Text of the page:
Scott’s dad gets on our cases about being paranoid hypochondriacs (or whatever) because we’re still wearing masks and have Anya in online school for another year. The governor dropped the health orders, after all. Anya is too young to be vaccinated, but he’s safe … and kids don’t get sick anyway. Now, I don’t believe the latter two “facts” — kids do get sick, even if it’s less virulent. And I’ve never seen anything published that indicates vaccinated individuals don’t spread the virus. Just that they don’t feel unwell (which, in my mind, makes them more likely to spread it ’cause they don’t know they are sick … the Yankees having so many vaccinated people test positive sticks in my mind. They wouldn’t have known they were sick if it weren’t for what I assume is routine team-wide testing). And it’s difficult to explain to someone who has already made a decision … but the math just doesn’t support the “it’s all good” attitude people are adopting. I’m not an epidemiologist — I went to school for theoretical physics and work in computer science. I have done a lot of data mining and analysis, so I’ve got a decent understanding of the math side of epidemiology without any of the “so what do we do about it” medical knowledge. That being said … the math side of it can be helpful.

There’s a rate of spread for infections — computer viruses or human, in fact. There’s an initial rate of spread when no one has any immunity / has patched their computer (R0 to epidemiologist). If one person gets the virus, they give it to x people over the course of their infection. This is where you either see the total number of infected people trend toward zero of infinity — that is, if one infected person infects 0.5 (i.e. for every two infected people, you get one more person infected) … eventually the virus dies out. If one infected person infects ten others? This is a ever increasing progression — those ten each infect ten more for 100 infected people. Who each infect 10 for 1000 infected people. Which doesn’t seem bad — but those each infect 10 for 10,000 infected. Then 100,000. For each iteration, the number of infected people is 10^n — 10,000,000,000 is ten iterations down.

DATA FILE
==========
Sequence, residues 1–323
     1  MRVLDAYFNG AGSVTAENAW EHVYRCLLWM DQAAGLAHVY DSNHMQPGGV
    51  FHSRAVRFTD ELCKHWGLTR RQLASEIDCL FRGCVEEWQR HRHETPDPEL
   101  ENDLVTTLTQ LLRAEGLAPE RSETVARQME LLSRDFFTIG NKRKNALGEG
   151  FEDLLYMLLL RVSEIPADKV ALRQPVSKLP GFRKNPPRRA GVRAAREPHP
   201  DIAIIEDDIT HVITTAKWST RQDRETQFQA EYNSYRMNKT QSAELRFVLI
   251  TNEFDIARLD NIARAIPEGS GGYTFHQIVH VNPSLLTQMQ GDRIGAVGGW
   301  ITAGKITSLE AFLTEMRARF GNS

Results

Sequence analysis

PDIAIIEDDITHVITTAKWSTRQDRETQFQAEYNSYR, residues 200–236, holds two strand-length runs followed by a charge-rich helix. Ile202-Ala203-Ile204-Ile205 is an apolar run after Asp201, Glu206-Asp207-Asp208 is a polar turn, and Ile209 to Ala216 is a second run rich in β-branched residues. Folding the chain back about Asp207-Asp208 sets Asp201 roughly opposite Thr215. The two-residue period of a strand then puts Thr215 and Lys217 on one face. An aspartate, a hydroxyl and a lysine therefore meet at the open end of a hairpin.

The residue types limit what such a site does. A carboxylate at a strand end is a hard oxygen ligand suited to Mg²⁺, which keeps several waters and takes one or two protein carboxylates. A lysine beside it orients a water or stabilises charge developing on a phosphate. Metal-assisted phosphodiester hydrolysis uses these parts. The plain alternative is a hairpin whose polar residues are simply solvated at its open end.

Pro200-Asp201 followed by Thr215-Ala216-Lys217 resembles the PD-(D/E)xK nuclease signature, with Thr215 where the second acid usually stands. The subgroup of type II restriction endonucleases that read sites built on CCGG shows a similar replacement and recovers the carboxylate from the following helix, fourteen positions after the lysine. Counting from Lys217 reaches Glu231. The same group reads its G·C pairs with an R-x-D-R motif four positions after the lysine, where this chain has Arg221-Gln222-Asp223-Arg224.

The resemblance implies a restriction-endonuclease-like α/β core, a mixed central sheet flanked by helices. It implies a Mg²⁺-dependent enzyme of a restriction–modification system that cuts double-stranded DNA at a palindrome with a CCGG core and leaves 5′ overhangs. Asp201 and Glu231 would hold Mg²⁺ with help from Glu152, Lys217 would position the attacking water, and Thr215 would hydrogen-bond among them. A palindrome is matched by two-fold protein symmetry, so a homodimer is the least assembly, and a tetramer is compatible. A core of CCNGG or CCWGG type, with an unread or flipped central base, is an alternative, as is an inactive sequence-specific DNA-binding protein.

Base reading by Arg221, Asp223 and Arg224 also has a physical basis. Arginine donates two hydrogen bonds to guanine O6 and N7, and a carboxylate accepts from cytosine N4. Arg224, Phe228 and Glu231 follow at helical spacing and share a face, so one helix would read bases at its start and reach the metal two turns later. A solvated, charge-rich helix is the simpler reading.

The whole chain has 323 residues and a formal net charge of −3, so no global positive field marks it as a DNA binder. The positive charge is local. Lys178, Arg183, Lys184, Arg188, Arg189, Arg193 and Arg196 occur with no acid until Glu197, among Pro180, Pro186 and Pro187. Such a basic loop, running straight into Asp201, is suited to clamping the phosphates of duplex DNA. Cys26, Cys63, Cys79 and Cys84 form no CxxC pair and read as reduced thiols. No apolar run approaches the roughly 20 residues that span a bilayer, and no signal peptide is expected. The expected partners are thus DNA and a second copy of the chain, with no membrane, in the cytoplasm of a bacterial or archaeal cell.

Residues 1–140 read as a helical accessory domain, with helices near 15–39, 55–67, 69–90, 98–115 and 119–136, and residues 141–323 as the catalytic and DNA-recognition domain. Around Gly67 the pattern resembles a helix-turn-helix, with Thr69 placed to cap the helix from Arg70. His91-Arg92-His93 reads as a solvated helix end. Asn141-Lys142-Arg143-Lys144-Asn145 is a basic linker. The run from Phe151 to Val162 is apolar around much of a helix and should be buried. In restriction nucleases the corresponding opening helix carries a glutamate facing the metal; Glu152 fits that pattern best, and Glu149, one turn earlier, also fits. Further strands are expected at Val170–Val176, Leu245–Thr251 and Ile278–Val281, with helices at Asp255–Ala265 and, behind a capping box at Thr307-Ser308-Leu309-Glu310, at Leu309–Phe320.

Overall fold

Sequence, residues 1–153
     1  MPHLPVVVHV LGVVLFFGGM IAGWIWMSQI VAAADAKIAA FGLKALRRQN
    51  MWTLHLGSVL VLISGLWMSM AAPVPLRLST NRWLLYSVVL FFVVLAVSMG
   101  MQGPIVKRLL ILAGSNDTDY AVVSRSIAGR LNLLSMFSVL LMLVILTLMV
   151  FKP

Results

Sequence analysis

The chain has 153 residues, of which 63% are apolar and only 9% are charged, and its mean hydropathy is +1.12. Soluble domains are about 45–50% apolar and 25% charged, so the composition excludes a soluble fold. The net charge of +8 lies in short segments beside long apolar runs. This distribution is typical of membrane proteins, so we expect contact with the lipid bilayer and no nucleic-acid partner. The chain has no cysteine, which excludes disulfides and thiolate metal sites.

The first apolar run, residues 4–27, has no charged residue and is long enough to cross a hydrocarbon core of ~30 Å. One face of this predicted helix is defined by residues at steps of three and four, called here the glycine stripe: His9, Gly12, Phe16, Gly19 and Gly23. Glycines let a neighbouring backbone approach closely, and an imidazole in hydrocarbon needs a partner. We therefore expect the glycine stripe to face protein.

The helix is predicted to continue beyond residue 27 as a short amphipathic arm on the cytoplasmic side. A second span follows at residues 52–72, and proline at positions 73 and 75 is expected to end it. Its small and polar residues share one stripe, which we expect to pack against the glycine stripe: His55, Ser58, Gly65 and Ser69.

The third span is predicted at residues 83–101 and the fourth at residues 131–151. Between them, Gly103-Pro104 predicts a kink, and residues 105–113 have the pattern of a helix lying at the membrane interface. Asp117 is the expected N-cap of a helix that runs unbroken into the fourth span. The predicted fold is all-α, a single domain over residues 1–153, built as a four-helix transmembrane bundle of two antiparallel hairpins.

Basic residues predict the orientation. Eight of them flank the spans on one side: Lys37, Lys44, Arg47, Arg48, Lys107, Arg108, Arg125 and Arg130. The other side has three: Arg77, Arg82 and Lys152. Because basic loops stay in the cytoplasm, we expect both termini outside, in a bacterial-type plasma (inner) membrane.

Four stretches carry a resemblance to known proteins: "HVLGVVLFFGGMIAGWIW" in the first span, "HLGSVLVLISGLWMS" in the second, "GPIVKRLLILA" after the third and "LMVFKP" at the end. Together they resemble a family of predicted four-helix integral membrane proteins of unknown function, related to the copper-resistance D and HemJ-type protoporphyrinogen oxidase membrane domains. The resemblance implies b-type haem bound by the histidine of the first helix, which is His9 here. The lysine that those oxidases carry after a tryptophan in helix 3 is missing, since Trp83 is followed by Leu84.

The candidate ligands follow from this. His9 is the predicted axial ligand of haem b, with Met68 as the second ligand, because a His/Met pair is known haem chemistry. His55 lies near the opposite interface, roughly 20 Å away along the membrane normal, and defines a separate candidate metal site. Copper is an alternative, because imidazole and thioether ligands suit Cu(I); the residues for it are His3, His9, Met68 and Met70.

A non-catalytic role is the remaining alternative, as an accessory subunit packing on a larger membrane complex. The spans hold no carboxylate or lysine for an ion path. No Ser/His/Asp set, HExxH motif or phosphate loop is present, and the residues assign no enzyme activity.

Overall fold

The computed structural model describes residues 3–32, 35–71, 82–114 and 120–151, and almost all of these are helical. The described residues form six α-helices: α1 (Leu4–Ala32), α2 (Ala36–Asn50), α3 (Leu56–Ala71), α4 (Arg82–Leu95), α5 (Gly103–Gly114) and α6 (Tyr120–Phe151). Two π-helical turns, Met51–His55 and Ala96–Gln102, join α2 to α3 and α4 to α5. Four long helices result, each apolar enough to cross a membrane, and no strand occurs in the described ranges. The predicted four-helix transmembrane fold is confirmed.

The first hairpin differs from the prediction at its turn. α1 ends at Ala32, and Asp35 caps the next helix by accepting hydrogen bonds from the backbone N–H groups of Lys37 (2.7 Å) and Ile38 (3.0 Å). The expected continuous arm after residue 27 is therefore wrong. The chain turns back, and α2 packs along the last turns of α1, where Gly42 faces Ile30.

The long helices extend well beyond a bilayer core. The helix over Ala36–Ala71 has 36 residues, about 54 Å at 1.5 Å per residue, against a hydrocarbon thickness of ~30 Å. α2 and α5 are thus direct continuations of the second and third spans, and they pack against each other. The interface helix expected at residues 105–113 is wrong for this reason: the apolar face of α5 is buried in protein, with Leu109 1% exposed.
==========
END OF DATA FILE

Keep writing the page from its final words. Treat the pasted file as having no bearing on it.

But preventative measures get taken — in one case, a computer virus caused my employer to shut down the LAN facing ports on every router in the company. Techs had to walk around with a fix-it CD, clean up every computer on a subnet, and then request the subnet be returned to the network. And, if we saw the virus propagating from that subnet? It got locked down again. Highly disruptive, but effective. And that’s where we were last spring with stay-at-home orders.